Beating Drugs, Gangs and Violence with Drums & Rhythms
by Dave Mancini

Working with kids has always been a passion of mine. Over the last 15 years, I have visited colleges, high schools and junior high schools throughout the US and Canada as a guest artist and clinician. I perform with the students, share my professional experiences and present master classes and clinics.

I found that through music, kids could be encouraged, inspired and motivated, not only in their musical endeavors, but in other areas as well. In addition, I realized I could be a positive role model for them by encouraging them to use their creative talents in a positive way to avoid the temptation to involve themselves in any negative activities.

For the past several years, I have been an artist in residence at Texas Wesleyan University in Fort Worth. It was here that I met Lieutenant Leon "Rick" Flowers, who is involved in the outreach program "We Love Kids." Rick is a D.A.R.E. officer and specializes in both drug and gang prevention. Rick and I love working with kids, and once we discovered that we shared this interest, we began hands-on drum/percussion workshops with young people in the Fort Worth area. The students we work with range in age from elementary school through high school. It is not often that kids see a police officer play drums or percussion, so it puts the officer in a different light and they see him as a regular person. More importantly, they see the officer as their friend.

The primary goal of our workshops is to get the kids excited about drums, percussion and music in general, and to encourage them to participate in music programs that are available to them. In our workshops, we talk to the kids about the fact that they will have to make choices in their lives. Drumming and music are good choices, but it is important that we offer them this choice.

Rick Flowers and I recently presented three workshops at the National D.A.R.E. Conference in Washington, D.C. for police officers and teachers from around the country. In the workshops, we illustrated the use of drumming as a positive alternative for kids and instructed them in establishing drum ensembles in their own communities.

Establishing a drum ensemble in your community is relatively easy. There are three initial requirements to get started: a place for the ensemble to meet, a few drums and hand held percussion instruments and one or more instructors.

Drum ensembles can rehearse at schools, churches, community recreation centers or outreach centers. In Fort Worth, Rick Flowers works with an ensemble that meets once a week at a dance studio/rehearsal space that belongs to a local university. The university provides the rehearsal space at no charge for the group.

The instruments that we use for our drum ensembles include drum set, congas, djembes, ashikos, tubanos, as well as smaller instruments such as cowbells, agogo bells, tamborims, claves, shakers, triangles, cabasas, shekeres and wood blocks. However, it is not necessary to have all of these instruments. A small assortment will work very well. We usually have 8-10 kids playing at one time. I play drum set to accompany them, and we assign basic rhythms on the other drums and percussion instruments. The rhythms we utilize in our workshops are basic African, Brazilian and calypso rhythms.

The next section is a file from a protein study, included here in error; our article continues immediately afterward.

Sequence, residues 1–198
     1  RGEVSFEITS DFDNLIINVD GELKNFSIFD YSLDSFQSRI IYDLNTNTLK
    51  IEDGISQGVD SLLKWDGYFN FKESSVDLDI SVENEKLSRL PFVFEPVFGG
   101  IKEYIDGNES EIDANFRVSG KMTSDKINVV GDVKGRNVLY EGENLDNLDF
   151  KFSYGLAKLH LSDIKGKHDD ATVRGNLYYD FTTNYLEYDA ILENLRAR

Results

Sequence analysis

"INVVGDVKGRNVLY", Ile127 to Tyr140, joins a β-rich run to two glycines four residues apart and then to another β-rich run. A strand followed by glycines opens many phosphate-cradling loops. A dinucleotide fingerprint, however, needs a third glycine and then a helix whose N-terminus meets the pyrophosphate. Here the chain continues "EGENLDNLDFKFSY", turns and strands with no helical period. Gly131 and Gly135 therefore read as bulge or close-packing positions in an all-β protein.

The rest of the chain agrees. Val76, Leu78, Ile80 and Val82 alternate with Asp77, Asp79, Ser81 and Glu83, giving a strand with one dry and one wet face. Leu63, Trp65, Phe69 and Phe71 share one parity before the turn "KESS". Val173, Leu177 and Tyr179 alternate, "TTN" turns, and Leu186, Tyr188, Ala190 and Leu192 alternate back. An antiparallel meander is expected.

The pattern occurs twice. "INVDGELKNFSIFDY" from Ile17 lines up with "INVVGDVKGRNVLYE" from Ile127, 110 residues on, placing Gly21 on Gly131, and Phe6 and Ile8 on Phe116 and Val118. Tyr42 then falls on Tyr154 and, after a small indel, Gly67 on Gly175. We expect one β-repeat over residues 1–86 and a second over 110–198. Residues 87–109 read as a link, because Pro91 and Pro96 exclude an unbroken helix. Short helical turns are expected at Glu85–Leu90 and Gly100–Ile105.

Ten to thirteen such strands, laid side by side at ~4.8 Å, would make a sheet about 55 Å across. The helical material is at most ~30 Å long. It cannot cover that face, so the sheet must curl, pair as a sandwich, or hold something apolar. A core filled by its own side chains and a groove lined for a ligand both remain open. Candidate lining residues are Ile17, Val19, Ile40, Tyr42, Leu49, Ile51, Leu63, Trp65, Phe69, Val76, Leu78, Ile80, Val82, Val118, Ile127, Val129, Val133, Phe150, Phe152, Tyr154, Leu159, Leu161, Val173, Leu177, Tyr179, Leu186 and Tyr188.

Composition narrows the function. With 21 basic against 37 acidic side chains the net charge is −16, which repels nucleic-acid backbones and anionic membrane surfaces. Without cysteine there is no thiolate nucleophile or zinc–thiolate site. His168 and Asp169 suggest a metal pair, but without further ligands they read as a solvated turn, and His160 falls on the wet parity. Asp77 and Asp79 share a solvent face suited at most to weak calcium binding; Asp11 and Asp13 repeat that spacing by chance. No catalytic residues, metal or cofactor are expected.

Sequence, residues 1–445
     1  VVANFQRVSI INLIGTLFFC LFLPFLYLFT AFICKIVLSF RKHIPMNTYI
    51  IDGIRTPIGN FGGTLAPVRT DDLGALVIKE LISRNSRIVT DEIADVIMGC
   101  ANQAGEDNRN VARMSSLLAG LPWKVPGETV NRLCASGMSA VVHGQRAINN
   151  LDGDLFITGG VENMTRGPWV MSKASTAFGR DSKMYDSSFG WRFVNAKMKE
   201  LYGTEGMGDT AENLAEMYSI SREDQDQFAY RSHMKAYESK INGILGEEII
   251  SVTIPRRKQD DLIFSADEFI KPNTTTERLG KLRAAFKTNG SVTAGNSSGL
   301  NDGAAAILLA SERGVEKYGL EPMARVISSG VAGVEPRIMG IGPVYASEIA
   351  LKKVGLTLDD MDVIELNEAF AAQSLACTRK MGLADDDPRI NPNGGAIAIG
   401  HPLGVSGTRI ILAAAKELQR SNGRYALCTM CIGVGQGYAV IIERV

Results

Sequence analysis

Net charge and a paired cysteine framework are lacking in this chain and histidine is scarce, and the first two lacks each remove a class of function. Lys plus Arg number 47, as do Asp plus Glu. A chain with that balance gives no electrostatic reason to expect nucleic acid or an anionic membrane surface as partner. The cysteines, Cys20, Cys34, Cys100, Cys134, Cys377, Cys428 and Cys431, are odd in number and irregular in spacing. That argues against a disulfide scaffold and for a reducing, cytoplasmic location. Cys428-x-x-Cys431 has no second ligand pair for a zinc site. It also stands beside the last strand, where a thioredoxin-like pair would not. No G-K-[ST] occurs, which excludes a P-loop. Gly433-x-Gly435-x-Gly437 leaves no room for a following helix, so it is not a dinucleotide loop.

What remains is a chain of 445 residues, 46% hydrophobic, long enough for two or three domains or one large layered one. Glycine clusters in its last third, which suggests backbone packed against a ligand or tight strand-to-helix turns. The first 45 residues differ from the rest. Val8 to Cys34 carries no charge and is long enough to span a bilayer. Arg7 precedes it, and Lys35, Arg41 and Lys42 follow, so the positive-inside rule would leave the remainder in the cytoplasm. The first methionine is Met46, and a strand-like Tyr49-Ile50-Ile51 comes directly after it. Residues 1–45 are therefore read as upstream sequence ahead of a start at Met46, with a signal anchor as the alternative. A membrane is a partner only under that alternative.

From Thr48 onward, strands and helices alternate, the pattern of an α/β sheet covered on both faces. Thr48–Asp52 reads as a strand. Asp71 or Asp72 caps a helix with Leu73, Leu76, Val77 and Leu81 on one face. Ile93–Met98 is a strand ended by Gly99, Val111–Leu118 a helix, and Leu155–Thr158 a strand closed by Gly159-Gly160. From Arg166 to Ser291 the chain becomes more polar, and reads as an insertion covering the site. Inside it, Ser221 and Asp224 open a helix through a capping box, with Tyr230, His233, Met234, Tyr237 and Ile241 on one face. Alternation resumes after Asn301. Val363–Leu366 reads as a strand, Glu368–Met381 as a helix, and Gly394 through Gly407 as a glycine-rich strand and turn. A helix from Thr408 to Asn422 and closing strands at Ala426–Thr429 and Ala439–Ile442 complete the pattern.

If your ensemble meets at a school that already owns a variety of drums, then the challenge of obtaining instruments is solved. However, if you do not have access to these instruments, there are a number of solutions. We found that many individuals and businesses within the community are willing to help out with a program that benefits kids and keeps them away from drugs, gangs and violence. In some cases, music dealers and manufacturers have donated instruments and accessories. Individuals and non-musical businesses are sometimes willing to make a monetary donation for the purpose of purchasing instruments for the kids.

The last requirement for establishing a drumming ensemble is instructors. One instructor can supervise the rehearsal, but two are ideal, especially when there are scheduling conflicts and one of them cannot make the rehearsal. It also works well to have two instructors who alternate rehearsals. The important thing is that there is always an instructor available so that the ensemble can meet regularly, either weekly or every other week. The kids need to have something to look forward to on a regular basis.

In conclusion, just have fun working with the kids. The rewards are wonderful and know that you are making a difference in their lives.

For more information about "We Love Kids," please contact Dave Mancini at P.O. Box 812, Pittsford, NY 14534.